DVLA car hire codes now valid for 21 days

Last month's abolition of the paper part of the UK driving licence meant that British holidaymakers were required to prove their eligibility to drive by presenting car-hire firms with an online code that was valid for only 72 hours. Following sustained negative feedback, the Driver and Vehicle Licensing Agency (DVLA) has announced the process British travellers must undergo when hiring cars is to be modified.

As a response, the DVLA has now extended the code's validity period from 72 hours to 21 days, which should also alleviate pressure of the DVLA website during peak holiday periods. It crashed when the new system launched on June 8 and there were concerns that it would again collapse when school summer holidays began and during other peak holiday periods.

Though the change has been welcomed, some confusion over the new system remains. While the paper counterpart to driving licences now has no legal status in Britain or abroad, there was concern during the crossover period that some foreign car-hire firms might not be fully briefed on the changes and would still request to see the document. Speaking last month, president of the AA Edmund King said: "It is possible that hirers overseas, who have been used to checking a British driver's paper record in the past, may not know of the change and still ask to see the counterpart.

"Although the paper counterpart has now been rendered invalid, we are advising our members not to tear up their counterparts just yet, but to take them abroad as a 'belt and braces' measure if they intend to hire a vehicle."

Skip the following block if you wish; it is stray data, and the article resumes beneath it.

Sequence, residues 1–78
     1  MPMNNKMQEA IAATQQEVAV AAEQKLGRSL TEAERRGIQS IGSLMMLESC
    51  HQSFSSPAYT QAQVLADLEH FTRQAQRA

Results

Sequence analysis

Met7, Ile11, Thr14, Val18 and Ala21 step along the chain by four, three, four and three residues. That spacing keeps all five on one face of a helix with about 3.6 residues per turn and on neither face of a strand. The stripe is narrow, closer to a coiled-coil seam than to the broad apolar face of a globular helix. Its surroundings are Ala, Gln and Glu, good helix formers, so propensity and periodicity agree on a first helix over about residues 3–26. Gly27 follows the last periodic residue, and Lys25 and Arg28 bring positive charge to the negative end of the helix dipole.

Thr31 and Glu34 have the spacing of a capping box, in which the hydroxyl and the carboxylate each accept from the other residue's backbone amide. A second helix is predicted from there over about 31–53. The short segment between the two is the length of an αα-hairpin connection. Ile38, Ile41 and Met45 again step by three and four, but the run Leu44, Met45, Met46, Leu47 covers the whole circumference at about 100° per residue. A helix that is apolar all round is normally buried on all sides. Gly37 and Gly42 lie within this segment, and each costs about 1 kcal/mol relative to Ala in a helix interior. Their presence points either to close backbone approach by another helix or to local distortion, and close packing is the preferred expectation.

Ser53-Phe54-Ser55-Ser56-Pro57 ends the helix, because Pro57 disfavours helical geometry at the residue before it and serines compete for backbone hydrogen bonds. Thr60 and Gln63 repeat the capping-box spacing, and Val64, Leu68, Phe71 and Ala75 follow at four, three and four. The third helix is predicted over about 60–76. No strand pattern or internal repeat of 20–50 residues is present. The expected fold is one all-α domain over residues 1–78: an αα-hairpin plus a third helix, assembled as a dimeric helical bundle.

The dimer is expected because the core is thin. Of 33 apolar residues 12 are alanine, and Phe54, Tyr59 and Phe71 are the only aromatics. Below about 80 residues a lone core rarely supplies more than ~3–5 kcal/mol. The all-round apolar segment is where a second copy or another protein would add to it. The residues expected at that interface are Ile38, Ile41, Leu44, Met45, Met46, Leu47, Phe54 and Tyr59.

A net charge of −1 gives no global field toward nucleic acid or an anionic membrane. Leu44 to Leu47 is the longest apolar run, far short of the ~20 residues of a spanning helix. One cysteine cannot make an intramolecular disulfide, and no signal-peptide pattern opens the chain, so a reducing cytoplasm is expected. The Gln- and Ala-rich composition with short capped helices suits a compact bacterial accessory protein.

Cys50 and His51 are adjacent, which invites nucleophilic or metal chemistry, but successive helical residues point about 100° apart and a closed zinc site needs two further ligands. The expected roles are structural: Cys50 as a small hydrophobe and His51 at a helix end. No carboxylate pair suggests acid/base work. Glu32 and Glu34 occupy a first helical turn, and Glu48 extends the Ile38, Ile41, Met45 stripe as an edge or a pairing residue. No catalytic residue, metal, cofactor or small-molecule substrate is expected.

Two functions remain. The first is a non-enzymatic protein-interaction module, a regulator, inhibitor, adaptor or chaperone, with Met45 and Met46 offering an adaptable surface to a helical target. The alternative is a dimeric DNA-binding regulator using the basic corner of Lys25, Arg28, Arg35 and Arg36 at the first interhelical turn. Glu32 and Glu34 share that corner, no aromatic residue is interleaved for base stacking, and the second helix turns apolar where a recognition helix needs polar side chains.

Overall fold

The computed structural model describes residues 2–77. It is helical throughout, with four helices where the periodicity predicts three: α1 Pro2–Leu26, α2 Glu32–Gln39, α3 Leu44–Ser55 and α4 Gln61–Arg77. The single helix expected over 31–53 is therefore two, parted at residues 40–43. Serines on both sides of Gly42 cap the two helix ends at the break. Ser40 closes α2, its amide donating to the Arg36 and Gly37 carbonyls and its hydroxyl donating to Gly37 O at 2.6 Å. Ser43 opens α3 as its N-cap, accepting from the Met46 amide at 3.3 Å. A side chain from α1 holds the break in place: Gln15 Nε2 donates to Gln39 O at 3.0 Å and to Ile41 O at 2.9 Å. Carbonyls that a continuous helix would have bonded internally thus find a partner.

This countered official DVLA advice on the issue, with its website stating that paper counterparts to driving licences should be destroyed from June 8. Most recently updated today, the section of the DVLA website that addresses driving licence changes recommends that holidaymakers contact their intended car-hire company to establish what information the company requires before they make a vehicle available for hire. Drivers are also reminded that they will need to provide their National Insurance number when entering the verification information needed to obtain their online code.

Our TV screens are overwhelmed by solicitors pleading with us to claim for any little mishap, it seems that there is no such thing as an accident in this day and age. Somebody is to blame and they must be made to pay!. Bearing this in mind, it would be an extremely brave (or perhaps foolish) owner of any business, be it big or small who made the decision that they didn't need public liability insurance. Clicking on the following link will answer your questions on http://www.irish-insurance.co.uk/home-insurance-info.htm.

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